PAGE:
For a project we have going at Oasis Digital, we have explored various libraries for creating video DVDs from computer-generated content until program/script control. There are quite a few ways to do this; one that is appealing for a command-line junkie is the combination of ffmpeg, dvdauthor, and mkisofs. It took considerable research to figure out what commands to string together for a simple scenario:
- you have some video in AVI format (for example, an MJPEG AVI from a DV video camera)
- you have some background music in mp3 format
- you want a simple one-title one-chapter DVD with that video and audio
There are plenty of sites with long and complex sets of commands to accomplish these things. But for this simplest case, the essential commands are:
ffmpeg -y -i video.avi -i audio.mp3 -target ntsc-dvd -aspect 4:3 dvd.mpg
dvdauthor -x file.xml # there is a way to avoid the file by putting a few more options here
mkisofs -dvd-video -o dvd.iso DVD
Of course, there is considerable other work involved in wiring up a full solution, but that is more project specific. I hope these example commands shorten the research time for the next fellow who needs to do this core processing.
Last night at StlRuby.org the question came up of how to contruct GUIs with Ruby. I mentioned that I think there is a lot to be gained by using the high performance graphics hardware APIs, which are mostly used for games, in business applications. This of course is not all that remarkable, since Java Swing has used DirectX for drawing for the last several years, and Windows “Vista” will use it for most of Windows itself. I’ll discuss this idea more in a later post; I’m investigating it here for a couple of Oasis Digital projects. On my list of tools to experiment with is Ruby + OpenGL; there is a RubyGarden page about it and another page here, unfortunately in Japanese. I found a ruby-talk post which indicates that it works quite well.
John McClenning pointed out Kororaa Xgl, a project which modified an X server to draw with the OpenGL API; there is a LiveCD of the Kororaa Linux distribution for trying this out. I’m downloading it now the torrent. Novell is also a sponsor of this effort.
(A plug: uTorrent is the best BitTorrent client I’ve seen so far: it is small, clean, featureful, usable, robust, ad-free, and free.)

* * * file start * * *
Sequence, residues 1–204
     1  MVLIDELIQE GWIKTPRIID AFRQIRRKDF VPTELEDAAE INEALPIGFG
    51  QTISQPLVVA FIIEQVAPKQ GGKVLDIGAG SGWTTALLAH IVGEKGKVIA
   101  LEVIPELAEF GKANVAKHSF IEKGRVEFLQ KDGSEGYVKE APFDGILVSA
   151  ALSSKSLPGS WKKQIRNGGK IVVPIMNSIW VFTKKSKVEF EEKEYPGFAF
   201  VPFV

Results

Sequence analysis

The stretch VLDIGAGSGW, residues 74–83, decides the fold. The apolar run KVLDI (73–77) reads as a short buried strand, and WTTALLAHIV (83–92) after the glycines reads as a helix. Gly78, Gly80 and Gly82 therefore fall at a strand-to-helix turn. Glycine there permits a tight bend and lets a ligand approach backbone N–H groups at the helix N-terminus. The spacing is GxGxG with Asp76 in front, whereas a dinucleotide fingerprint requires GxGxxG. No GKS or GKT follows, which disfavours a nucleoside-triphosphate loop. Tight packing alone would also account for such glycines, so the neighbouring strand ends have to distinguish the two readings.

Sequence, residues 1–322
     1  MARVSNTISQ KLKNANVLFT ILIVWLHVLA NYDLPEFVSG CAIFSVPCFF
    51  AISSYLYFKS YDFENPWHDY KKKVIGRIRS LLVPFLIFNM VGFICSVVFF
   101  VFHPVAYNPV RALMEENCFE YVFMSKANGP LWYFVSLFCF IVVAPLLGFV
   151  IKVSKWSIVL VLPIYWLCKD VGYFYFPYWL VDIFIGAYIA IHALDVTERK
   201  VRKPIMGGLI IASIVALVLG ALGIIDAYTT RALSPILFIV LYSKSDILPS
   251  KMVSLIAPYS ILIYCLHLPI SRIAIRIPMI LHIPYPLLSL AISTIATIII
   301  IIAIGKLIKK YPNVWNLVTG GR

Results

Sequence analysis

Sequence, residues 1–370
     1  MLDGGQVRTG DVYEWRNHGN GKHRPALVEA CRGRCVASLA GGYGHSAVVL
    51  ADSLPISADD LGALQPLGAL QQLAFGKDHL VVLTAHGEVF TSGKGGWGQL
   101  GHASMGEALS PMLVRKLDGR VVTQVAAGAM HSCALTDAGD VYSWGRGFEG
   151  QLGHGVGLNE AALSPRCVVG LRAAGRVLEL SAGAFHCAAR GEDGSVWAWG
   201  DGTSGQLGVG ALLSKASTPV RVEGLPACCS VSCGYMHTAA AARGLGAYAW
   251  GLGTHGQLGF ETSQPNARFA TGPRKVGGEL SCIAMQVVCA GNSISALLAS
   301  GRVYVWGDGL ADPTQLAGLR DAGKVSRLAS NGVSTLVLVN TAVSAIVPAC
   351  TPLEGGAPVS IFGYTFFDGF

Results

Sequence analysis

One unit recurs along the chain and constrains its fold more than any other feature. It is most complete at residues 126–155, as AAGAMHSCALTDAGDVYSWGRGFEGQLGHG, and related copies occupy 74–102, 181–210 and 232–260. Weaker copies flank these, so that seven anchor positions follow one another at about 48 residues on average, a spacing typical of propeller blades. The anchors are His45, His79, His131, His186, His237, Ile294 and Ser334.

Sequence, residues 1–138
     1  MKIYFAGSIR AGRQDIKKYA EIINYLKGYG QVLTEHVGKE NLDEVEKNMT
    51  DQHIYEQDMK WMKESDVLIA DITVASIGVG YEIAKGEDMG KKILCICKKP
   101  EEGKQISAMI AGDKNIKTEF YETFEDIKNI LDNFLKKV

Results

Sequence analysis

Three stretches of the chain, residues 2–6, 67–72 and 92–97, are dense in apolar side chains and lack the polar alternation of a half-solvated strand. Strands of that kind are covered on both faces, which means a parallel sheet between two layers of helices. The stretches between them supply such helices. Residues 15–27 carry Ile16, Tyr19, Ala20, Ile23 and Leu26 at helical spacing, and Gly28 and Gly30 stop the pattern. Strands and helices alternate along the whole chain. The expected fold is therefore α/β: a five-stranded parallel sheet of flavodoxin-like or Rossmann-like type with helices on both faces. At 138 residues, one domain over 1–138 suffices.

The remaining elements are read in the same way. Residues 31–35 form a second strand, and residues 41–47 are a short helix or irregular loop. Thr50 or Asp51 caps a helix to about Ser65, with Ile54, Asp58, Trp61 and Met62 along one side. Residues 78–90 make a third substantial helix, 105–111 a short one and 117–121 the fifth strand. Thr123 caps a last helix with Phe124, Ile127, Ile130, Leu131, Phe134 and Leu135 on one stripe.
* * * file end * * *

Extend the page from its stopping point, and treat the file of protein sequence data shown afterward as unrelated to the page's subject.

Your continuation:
Jonathan Goodyear‘s ASPSOFT just announced Email2Face, a public database mapping email addresses to photos. This strikes me as a good and useful idea. If it gets some traction, it would be nice to have an email client plugin to automatically retrieve them.
What I would really like to see is something with a similar results, but rather than be a project from one company, instead be open, scalable, and RESTful; perhaps some mapping from email address to web site containing information about the owner of the address. For example, agree that for email@example.com, information will be a http://bbb.com/email/aaa/ and from there have links to specific kinds of information, such as… a face photo.
The lines needed to invoke them look like this:
ProxyJavaAdapter.init(context, scope, true);
I just read today (wow, where have I been?) about the issue with Win32 binaries under the (delayed) Vista version of Windows – most notably, that Win32 binaries will need to be signed, otherwise they will provide a, er, “downlevel” user experience. A proposed workaround is to code to another runtime environment (.NET, Java, Ruby, you name it) so that getting the actual Win32 binary signed is someone else’s problem.
This reminded me of comments I made a few years ago, closer to the dawn of .NET: that if .NET works out well, native binaries will end up deprecated, supported for a long time but in the same way that we can still run an ancient DOS “.com” binary on Windows XP… i.e. not really as first-class citizens. At the time I got rather negative feedback to such a comment, but now the Vista feature above seems like the first step in that direction.
Update: As far as I know, this feature did not make it in to Vista – unsigned EXEs are still OK.
Yesterday I mentioned a talk by Mike Feathers about API design. One of the topic of API wrapping, which we do frequently here at Oasis Digital, for a variety of reasons.
By coincidence, today the question came up of whether we should wrap the API of Jemmy, a Swing GUI testing tool. Our natural inclination is to wrap. But there are oppossing forces as well. Here’s where I ended up:
- The Jemmy API is large, and thus tedious to wrap. (Which might be a good reason to wrap it…)
- We haven’t used Jemmy much yet, so we don’t have any real idea what subset of its API we will use.
- We haven’t done much GUI test automation yet, so we have little reason to think we know much about API design for that.
- There are developers “out there” who know how to use Jemmy. Perhaps we will hire one, and benefit from them already knowing how it works.
- Thus, we should start out using Jemmy as-is.
- Once we have a moderate body of code (enough to understand out use, but not so much that revamping it would be burdensome), review this decision and decide whether to wrap it.